Emergence of human babesiosis along the border of China with Myanmar: detection by PCR and confirmation by sequencing.

Zhou X, Li SG, Wang JZ, Huang JL, Zhou HJ, Chen JH, Zhou XN - Emerg Microbes Infect (2014)

Microscopic evidence of babesiosis in a patient from the China–Myanmar border area. Giemsa stained thick blood smears (A) and thin blood smears (B and C) obtained on the first day of hospitalization for patient show an intraerythrocytic trophozoite (thin arrow). The lacking of hemozoin deposits distinguishes Babesia spp. from Plasmodium spp. The tetrad (thick arrow) is pathognomonic of small Babesia spp. Original magnification, ×1000.
© Copyright Policy - open-access
Related In: Results  -  Collection

License
Show All Figures
getmorefigures.php?uid=PMC4150284&req=5

fig1: Microscopic evidence of babesiosis in a patient from the China–Myanmar border area. Giemsa stained thick blood smears (A) and thin blood smears (B and C) obtained on the first day of hospitalization for patient show an intraerythrocytic trophozoite (thin arrow). The lacking of hemozoin deposits distinguishes Babesia spp. from Plasmodium spp. The tetrad (thick arrow) is pathognomonic of small Babesia spp. Original magnification, ×1000.
Mentions: A nested polymerase chain reaction (PCR) with two sets of Babesia microti specific primers for the small subunit ribosomal RNA (SSU rRNA) was conducted on blood samples.1,2 Positive samples were tested using another set of nested PCR primers to detect the beta-tubulin gene of B. microti.3 To identify the clades to which the isolates belong, a more accurate analysis of the sequence encoding the 18S rRNA gene of the Babesia parasite from the patients was applied with the nested PCR primers Piro1F/rRNA-3′ and BablA/Prio6R as described by Medlin et al.4 Second round PCR products that were full-length cDNAs for the 18S rRNA gene (∼1700 bp) and the beta-tubulin gene (∼590 bp) were sequenced. The sequences were entered in the BLAST database (http://www.ncbi.nlm.nih.gov/blast/Blast.cgi). The blood smears showed intraerythrocytic ring form and tetrad typical of small Babesia parasites (Figure 1).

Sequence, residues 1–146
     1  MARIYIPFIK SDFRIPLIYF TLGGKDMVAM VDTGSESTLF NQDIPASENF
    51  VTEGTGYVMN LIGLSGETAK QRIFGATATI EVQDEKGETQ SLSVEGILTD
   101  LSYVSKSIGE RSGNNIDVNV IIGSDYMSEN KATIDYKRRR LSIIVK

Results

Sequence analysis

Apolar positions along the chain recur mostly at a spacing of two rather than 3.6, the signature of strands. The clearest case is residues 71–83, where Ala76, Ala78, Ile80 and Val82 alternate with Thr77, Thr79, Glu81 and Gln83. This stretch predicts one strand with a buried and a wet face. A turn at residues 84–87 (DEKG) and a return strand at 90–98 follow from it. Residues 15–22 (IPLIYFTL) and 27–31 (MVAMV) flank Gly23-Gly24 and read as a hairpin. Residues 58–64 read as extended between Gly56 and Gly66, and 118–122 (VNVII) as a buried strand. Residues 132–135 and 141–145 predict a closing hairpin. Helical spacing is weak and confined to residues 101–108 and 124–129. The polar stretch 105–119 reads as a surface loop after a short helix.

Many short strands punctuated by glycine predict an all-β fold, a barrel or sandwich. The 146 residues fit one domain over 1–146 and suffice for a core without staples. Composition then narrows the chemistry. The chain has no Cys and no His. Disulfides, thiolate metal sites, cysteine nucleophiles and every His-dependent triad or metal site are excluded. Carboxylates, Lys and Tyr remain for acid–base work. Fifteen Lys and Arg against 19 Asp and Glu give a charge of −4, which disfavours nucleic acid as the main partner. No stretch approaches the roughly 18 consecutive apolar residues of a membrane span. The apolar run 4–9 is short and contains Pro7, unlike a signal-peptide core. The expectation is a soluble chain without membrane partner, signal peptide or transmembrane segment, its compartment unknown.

Bottom Line: The blood smears showed intraerythrocytic ring form and tetrads typical of small B. microti.In both cases, the rapid diagnostic test (RDT) ruled out the possibility of co-infections with malaria.Neither case was initially diagnosed because of the low Babesia parasitemia.

View Article: PubMed Central - PubMed

Affiliation: Department of Parasitology, Medical College of Soochow University , Suzhou 215123, Jiangsu province, China ; National Institute of Parasitic Diseases, Chinese Center for Disease Control and Prevention , Shanghai 200025, China ; Key Laboratory of Parasite & Vector Biology, Ministry of Health, WHO Collaborating Centre for Malaria, Schistosomiasis and Filariasis , Shanghai 200025, China.

ABSTRACT
Babesiosis is a tick-borne, zoonotic disease caused by Babesia spp. Two cases of babesiosis were detected by nested polymerase chain reaction (PCR) in Yunnan province, China, and further confirmed by molecular assay. The blood smears showed intraerythrocytic ring form and tetrads typical of small B. microti. In both cases, the rapid diagnostic test (RDT) ruled out the possibility of co-infections with malaria. Neither case was initially diagnosed because of the low Babesia parasitemia. These two cases of babesiosis in areas along the Myanmar-China border pose the question of the emergence of this under recognized infection in countries or areas where malaria is endemic.

No MeSH data available.


Related in: MedlinePlus